The son of a Flemish émigré, Willem de Poorter was likely born in Haarlem in 1608.1 The circumstances of his training are not clear. It is often proposed that he studied with Rembrandt van Rijn (1606–69) in Leiden, about 1629–30.2 That training, however, may have occurred in Amsterdam as late as the mid-1630s, thereby constituting not a student-pupil relationship so much as a mid-career supervision.3 By 1633 De Poorter’s name appears in the Haarlem city archives, where he is listed as a member of the Guild of Saint Luke by 1635.4 Although he was documented as being in the village of Wijk bij Heusden in 1645, he seems to have spent his career largely in Haarlem, where his name continues to appear in the city’s archives until 1648.5 The date and location of his death are not known.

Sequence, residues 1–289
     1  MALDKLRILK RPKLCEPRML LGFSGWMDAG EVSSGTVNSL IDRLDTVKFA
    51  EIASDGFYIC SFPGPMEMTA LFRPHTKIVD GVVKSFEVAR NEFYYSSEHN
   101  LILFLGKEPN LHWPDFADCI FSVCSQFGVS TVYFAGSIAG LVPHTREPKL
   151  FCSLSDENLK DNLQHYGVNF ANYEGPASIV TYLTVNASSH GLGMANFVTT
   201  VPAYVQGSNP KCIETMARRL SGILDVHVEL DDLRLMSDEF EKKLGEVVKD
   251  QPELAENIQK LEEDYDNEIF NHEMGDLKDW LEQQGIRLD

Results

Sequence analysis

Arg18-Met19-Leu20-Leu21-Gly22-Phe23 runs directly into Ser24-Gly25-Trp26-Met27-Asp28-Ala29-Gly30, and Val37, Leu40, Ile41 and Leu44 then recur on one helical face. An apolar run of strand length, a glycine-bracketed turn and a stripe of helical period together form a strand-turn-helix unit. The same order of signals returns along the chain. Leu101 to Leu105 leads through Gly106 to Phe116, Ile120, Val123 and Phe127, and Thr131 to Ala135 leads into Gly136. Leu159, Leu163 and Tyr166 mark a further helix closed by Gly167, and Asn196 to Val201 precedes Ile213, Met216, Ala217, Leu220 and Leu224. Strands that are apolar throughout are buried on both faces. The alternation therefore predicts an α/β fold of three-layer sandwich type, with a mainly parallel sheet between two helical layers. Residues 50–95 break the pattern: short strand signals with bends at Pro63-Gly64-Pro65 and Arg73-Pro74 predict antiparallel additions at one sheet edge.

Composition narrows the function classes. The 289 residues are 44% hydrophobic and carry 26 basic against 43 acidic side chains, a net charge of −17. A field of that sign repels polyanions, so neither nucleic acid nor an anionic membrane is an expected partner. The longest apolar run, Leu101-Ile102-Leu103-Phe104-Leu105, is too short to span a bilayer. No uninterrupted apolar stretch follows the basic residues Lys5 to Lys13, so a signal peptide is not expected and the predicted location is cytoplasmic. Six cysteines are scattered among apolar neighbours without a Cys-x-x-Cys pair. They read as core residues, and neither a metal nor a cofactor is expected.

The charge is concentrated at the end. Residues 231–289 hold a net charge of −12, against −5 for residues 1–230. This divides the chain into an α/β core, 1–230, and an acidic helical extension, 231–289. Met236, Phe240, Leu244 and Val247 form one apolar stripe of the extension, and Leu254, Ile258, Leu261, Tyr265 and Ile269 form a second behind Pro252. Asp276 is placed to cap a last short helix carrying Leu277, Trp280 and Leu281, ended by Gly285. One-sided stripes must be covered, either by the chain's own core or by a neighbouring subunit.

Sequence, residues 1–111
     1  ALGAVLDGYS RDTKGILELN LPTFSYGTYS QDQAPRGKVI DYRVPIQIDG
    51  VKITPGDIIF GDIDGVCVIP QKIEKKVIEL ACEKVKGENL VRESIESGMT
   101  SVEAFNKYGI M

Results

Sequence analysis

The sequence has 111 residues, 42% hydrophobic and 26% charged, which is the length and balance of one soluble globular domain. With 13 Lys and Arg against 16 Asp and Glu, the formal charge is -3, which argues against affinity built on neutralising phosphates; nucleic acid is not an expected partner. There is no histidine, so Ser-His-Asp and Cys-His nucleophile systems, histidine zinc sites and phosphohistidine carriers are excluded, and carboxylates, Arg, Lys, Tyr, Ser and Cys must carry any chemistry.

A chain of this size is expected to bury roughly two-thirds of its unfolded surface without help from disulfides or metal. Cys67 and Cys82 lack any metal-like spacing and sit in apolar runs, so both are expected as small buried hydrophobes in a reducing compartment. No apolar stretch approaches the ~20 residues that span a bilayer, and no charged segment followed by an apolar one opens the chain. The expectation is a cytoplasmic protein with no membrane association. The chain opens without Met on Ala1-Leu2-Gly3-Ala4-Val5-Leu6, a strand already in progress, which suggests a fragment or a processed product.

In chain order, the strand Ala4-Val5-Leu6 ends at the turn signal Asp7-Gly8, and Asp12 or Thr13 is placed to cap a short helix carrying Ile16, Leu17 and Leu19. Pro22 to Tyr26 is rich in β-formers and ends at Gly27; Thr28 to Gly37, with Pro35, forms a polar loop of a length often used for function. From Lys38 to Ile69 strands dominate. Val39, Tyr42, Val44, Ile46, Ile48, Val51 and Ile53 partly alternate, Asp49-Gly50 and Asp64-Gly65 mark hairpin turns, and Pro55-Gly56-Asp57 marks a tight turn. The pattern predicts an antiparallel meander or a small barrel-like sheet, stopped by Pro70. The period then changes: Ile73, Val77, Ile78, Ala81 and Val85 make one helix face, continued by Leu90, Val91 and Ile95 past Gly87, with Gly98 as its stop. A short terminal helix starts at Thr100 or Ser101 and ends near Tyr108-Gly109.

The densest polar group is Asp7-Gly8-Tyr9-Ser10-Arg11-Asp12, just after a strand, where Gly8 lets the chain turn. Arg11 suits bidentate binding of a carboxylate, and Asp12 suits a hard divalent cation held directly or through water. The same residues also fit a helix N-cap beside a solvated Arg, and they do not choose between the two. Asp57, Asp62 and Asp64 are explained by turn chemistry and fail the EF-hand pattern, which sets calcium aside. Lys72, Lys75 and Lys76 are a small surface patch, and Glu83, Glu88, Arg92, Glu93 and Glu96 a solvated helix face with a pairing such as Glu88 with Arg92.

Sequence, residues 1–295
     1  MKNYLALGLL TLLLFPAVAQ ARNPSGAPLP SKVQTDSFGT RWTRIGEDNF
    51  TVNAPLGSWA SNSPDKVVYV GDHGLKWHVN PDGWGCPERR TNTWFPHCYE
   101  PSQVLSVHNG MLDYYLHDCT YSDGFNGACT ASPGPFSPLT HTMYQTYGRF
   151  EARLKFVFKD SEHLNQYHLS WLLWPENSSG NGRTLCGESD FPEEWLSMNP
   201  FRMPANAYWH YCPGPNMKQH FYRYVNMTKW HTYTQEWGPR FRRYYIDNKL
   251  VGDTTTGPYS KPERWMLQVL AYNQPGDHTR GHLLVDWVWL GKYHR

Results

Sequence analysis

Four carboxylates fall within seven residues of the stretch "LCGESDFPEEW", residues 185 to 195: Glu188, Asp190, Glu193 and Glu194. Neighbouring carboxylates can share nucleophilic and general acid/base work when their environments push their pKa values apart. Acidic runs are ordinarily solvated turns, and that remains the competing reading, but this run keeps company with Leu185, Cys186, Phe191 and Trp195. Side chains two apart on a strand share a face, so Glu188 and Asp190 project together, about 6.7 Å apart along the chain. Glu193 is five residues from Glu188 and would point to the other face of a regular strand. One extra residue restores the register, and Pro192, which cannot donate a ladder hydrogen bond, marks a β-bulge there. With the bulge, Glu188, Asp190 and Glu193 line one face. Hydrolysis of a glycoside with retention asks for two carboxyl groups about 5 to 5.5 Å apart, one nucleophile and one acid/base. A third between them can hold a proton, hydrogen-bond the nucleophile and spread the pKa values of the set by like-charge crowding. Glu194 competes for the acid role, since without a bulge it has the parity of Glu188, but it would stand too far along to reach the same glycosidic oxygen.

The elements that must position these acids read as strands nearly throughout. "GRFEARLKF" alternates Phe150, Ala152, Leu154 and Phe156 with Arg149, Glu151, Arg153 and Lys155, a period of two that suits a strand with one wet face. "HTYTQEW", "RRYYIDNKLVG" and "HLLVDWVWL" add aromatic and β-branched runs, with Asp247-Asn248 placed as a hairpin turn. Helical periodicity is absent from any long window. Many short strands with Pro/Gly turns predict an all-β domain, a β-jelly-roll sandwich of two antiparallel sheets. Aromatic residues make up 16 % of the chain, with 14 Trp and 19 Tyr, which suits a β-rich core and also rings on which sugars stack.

According to Arnold Houbraken (1660–1719), De Poorter was a specialist of history and still-life painting, though only a few of the latter survive.6 Today he is best known for his religious and mythological works, some of which bear stylistic affinities to the early work of Rembrandt as well as to that of Rembrandt’s teacher, Pieter Lastman (1583–1633). Like Rembrandt and Lastman, De Poorter set his scenes in large, dark interiors with a central grouping of figures differentiated through animated expression and pose. Scholars have attributed these similarities to the proposition that De Poorter studied with Rembrandt in Leiden around 1629–30.7 As David De Witt and Adriaan Waiboer have argued, however, De Poorter also took artistic cues from his fellow Haarlem artists.8 His smooth manner of execution, figure types, and use of bright localized colors against a monochrome background are closely reminiscent of the work of Hendrik Gerritsz Pot (ca. 1585–1657) and Pieter de Grebber (ca. 1600–52/53). Particularly in his early career, De Poorter was also known to freely adapt from compositions by Hendrick Goltzius (1558–1617) and Maarten van Heemskerck (1498–1574).9 Waiboer notes that De Poorter’s work begins to exhibit Rembrandtesque qualities only in the mid-1630s, after he was recognized as an independent painter, thus suggesting he was likely a follower, rather than a student, of the Dutch master.